Discrimination Actions in New York When You Work for an Academic Employer

When it becomes necessary to initiate an employment discrimination lawsuit, you can probably expect your employer to throw up many arguments against you. They may say that you’ve filed too late. They may say you have no right to sue. They may contend that you did not comply with some aspect of a rule of trial procedure. The best way to prepare yourself to take on — and overcome — defense arguments like these is to ensure you have a powerful and knowledgeable New York age discrimination on your side from the start.

E.R.’s age discrimination case was an example of one of those instances where a worker overcame that kind of defense argument.

E.R. was a highly accomplished university professor. After 23 years at CUNY-Baruch College, he accepted a position at Long Island University in 2015. He was in his early 60s at the time. For his first three years at LIU, he served as the dean of the business school.

According to the professor, the university had agreed to provide him with a one-year sabbatical after he completed his three-year stint as dean and, after the sabbatical’s conclusion, a “full professor” position earning 75% of his salary as a dean.

The university, however, did not handle E.R. in that manner. It allegedly gave him no sabbatical after he finished his time as the dean of the business school, then placed him in a professor position paying him less than half what he was expecting to earn ($86,000 as opposed to $190,000+.) Subsequently, the professor sued for age discrimination.

The university asserted that the professor was not even entitled to pursue a discrimination action under the New York State Human Rights Law or the New York City Human Rights Law, arguing that the professor’s lone avenue for seeking recourse was something called a “special proceeding,” which is set out in Article 78 of the CPLR.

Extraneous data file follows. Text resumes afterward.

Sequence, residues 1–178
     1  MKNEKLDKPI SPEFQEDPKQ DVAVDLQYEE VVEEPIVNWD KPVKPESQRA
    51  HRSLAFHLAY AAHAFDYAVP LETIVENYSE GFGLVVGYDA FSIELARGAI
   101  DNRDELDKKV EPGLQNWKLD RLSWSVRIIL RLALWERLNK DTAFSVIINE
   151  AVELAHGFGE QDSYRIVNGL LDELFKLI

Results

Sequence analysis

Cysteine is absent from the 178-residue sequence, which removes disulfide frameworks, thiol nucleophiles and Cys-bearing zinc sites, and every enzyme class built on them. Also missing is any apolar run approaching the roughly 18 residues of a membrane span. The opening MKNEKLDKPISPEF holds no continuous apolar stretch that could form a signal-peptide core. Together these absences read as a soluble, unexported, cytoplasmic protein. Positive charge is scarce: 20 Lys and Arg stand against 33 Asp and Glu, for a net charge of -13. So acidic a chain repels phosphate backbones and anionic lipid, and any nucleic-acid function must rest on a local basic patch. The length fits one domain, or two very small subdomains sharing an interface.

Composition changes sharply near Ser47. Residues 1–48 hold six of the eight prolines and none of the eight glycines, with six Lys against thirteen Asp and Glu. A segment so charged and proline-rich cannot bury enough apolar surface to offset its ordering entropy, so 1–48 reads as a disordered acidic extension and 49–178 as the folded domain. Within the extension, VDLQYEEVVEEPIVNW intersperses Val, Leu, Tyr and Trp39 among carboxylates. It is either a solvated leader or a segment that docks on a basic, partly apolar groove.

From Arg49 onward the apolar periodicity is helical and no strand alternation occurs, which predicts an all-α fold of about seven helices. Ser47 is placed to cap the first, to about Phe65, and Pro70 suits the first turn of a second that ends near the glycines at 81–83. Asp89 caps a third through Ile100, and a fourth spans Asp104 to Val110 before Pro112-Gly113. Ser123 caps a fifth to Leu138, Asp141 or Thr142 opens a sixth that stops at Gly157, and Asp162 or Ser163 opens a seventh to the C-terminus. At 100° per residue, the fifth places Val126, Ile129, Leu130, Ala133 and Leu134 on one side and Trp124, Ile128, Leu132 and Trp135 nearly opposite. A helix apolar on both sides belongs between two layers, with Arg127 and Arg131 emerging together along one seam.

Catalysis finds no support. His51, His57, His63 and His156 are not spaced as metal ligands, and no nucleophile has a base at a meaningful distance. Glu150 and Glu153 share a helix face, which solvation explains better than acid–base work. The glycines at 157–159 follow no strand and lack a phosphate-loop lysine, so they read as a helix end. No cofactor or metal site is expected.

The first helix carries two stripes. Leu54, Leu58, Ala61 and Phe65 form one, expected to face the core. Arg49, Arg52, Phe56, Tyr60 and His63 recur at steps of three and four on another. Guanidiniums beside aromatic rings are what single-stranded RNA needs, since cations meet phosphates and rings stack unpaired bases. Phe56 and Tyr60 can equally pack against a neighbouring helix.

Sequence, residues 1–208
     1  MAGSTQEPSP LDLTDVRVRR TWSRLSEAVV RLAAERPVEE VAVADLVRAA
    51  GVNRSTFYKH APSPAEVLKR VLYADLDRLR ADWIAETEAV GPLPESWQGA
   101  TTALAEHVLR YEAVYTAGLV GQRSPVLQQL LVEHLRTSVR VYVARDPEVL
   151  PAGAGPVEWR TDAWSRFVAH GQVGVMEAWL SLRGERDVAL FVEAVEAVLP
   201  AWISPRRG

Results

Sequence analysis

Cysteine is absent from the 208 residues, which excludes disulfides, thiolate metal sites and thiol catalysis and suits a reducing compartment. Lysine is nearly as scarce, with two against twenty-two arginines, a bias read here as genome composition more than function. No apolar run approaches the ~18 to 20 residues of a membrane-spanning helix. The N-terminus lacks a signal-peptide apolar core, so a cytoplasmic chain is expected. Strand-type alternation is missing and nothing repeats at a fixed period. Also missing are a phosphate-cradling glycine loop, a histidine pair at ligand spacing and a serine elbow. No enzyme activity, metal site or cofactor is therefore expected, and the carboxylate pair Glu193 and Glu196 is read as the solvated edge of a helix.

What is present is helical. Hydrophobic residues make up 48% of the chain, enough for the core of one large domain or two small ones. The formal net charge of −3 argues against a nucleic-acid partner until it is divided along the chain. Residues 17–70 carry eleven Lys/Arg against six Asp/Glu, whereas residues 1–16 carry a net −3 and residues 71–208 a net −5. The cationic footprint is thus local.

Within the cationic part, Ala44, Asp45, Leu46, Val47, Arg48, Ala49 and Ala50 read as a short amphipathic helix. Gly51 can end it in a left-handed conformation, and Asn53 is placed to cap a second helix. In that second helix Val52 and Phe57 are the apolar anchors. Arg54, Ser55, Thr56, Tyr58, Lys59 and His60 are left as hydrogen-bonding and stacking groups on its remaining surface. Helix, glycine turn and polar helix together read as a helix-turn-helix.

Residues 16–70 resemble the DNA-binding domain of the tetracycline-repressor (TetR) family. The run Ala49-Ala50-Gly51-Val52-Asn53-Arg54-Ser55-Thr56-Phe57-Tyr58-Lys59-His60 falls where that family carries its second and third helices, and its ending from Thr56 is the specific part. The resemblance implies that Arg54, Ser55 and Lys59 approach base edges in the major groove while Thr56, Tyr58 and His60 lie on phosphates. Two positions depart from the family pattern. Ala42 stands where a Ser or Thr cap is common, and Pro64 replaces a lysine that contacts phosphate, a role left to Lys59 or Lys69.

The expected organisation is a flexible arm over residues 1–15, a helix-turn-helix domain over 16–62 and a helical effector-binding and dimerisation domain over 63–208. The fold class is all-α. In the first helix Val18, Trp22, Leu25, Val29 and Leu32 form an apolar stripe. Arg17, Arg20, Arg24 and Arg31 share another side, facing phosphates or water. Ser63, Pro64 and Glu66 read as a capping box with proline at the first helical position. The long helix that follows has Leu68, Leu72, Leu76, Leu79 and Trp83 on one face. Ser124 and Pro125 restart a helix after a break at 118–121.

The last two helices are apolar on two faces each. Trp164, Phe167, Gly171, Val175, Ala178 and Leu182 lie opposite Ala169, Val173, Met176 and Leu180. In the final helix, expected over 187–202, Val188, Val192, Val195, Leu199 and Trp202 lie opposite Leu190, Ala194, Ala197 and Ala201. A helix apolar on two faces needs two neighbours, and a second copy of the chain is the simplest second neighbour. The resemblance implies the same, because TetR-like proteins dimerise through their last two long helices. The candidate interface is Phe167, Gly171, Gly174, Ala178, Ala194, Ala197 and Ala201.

That argument had an added potential benefit for the employer. The statute of limitations for Article 78 special proceedings is shorter than discrimination lawsuits under the NYSHRL and/or NYCHRL. While the professor’s claim was timely under discrimination law, it would have fallen outside the deadline period for an Article 78 special proceeding.

The trial court rejected the employer’s argument and, earlier this month, the Appellate Division court upheld that ruling. The trial court explained that, while it is true that the courts “have a restricted role in dealing with and reviewing controversies involving” strictly academic matters, that standard does not apply in all situations.

Academic Employers are Bound by NY’s Anti-Discrimination Laws

If a dispute involves a purely academic matter, then an Article 78 special proceeding is the technique an employee must utilize. On the other hand, when issues of possible employment discrimination have occurred, the rules are different. As the trial judge explained, “while it is true that the courts are reluctant to intervene in controversies involving purely academic determinations of educational institutions, the fact that an employer is an educational institution does not permit it to discriminate against its employees on the basis of age, or otherwise insulate it from liability for violations” of the NYSHRL and NYCHRL.

The Appellate Division court also hammered home the same point. Just because a worker’s employer is an academic institution, that alone doesn’t necessarily mean that the personnel decisions it makes automatically are “academic matters” that can only be resolved through an Article 78 special proceeding.

In E.R.’s case, his cause of action was age discrimination. Whether or not the university engaged in discrimination on the basis of E.R.’s advanced age was something that specifically related to a non-academic matter and one for which an employee may seek recovery in an NYSHRL and/or NYCHRL discrimination action in civil court.

New York law has created special proceedings under Article 78 to address disputes surrounding certain “academic” decisions made by institutions of learning as an acknowledgment of the courts’ limited role in certain forms of “purely academic” decision-making. However, if you’re an employee of an academic institution, don’t be misled into thinking that you are entitled to anything less than the full protection of the laws (federal, state, and city) when it comes to prohibitions against workplace discrimination on the basis of age, gender, race, etc. When that happens to you, you’re entitled to bring your case in a civil action just the same as any other New York worker. The skilled New York age discrimination attorneys at Phillips & Associates are here to help. Age discrimination is wrong and our diligent attorneys are passionate about holding those responsible for it accountable for their actions. To find out more, contact us online or at (866) 530-4330 to set up a free and confidential consultation today.

Contact Information